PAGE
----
What pitch is possible for mechanical gears?

Discussion in 'Software and Applications' started by EMHmark7, May 16, 2013.

  1. EMHmark7
    EMHmark7 New Member

    Anybody knows with strong and flexible plastic:

    1) At up to what pitch we can make gears (such as a pitch of 32, 48, etc. being the amount of teeths per diameter inches)?
    2) Precision gap between each gear?
    3) So about dimensionning of parts?
    4) Other gear parameters that make a difference for using strong and flexible plastic in precision mechanisms?

  2. 1. The limitation will be the wall thickness of the material chosen as it applies to the pitch line tooth thickness of the gear. Keep in mind also that WSF is not especially accurate, nor particularly smooth, so don't expect the equivalent of machine cut gears. You may have better strength in the gears if you model them with a positive profile shift - it thins the tips a bit but reduces the undercut at the root. Don't forget to adjust the center distance to suit and modify the mating gear as necessary.

    2. The center distance between gears should allow for the errors mentioned above, and for a bit of backlash. If you mount them too close you'll either not be able to turn them, or will wear them out prematurely.

    3. Dimension the parts as you would for any other standard gear. KHK has some very handy information in a PDF - it's mostly metric module stuff, but the principles are the same.

    4. Define "precision." If you're trying to make watch parts, you'll be disappointed. If you're trying to make a timing belt sprocket, you'll do better. Keep in mind this material is somewhat weaker than bar stock nylon - it's porous, after all. I would expect that all the factors that influence the AGMA grade will hold sway here too.

    I'm in the midst of doing a planetary gear arrangement as we speak. It'll be a concept demonstrator model so high accuracy isn't really be necessary, but I'm modelling it as if it was. Once I get the parts I'll post the results. (I'm going with 32 pitch, 20° pressure angle, and as few as 12 teeth.)
  3. EMHmark7
    EMHmark7 New Member
    Thanks for your reply,

    But I do not catch all your suggestions. Yout talk about:
    -"model them with a positive profile shift- it thins the tips a bit but reduces the undercut at the root."
    -"Don't forget to adjust the center distance to suit and modify the mating gear as necessary"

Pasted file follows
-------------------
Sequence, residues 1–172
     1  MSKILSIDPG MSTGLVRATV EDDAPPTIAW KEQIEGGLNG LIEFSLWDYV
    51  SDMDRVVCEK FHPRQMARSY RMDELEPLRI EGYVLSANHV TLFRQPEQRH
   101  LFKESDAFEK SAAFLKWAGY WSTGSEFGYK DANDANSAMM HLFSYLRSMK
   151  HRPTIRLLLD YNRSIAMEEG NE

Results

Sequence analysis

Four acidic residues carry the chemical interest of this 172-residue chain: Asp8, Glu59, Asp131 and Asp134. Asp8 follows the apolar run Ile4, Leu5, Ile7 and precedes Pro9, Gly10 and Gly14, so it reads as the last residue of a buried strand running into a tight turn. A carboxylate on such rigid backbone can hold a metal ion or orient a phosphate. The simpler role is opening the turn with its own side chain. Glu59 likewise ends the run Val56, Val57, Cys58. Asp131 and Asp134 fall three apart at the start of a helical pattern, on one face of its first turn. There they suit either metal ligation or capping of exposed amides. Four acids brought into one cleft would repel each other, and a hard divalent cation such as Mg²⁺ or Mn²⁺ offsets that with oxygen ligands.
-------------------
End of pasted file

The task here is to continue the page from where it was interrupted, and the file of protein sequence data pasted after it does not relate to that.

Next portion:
-"factors that influence the AGMA grade will"

    I want to do something like this http://www.shapeways.com/model/296214/70mm-lens-gear-pitch-0 -8-for-follow-focus.html?li=productBox-search
    It is made of a pitch 31.75.

    A pitch 28 as well as 32 give a teeth tickness of about 1.5mm at the base and 1mm at top, although pitch 28 allows deeper teeth.
    I do not need much strenght and wont prit it with gears already put side-by-side. So the problem is to know if such gear workswell for a slow motion
    and if it breaks easily.

    And relative to teeth corner curves, etc, I don't know that stuff.

    1) When do you think you wil have a result?

    If anybody in the forum already knows good or bad experiences relative to specific pitches and other parameter, please let us know! For shure will help many people.

  4. Sorry. I guess I pitched that one a little tall. Take a browse through this:

    http://www.khkgears.co.jp/en/gear_technology/pdf/gear_guide1 .pdf

    Be warned, it's a big download! (20-ish Megs.) There's pretty much all you need to know, and potentially too much. If you get stumped, or even just need confirmation, feel free to ask. :)

    Something low- or no-power like a lens drive should be ok, assuming the lens is reasonably free to move. WSF's flexibility may actually help in such an application, cushioning any drive motor vibration.

    Having the same module (metric) or pitch (imperial) for both gear and pinion is critical, much as having the same pitch for both chain and sprocket. Keep the face width (length of tooth) fairly narrow. Large face widths require MUCH closer parallelism of the gear shafts, lest the gears start binding at their ends. Higher strength is better achieved by changing to a larger tooth profile (smaller diametral pitch number or higher module number), so using a wider faced gear should be as a last resort where available space limits the design.

    Currently, I'm about 1/4 of the way through my design. Getting it printed will be a bit of a financial hit - probably on the order of 50cc or more of print volume. Stay tuned, sports fans!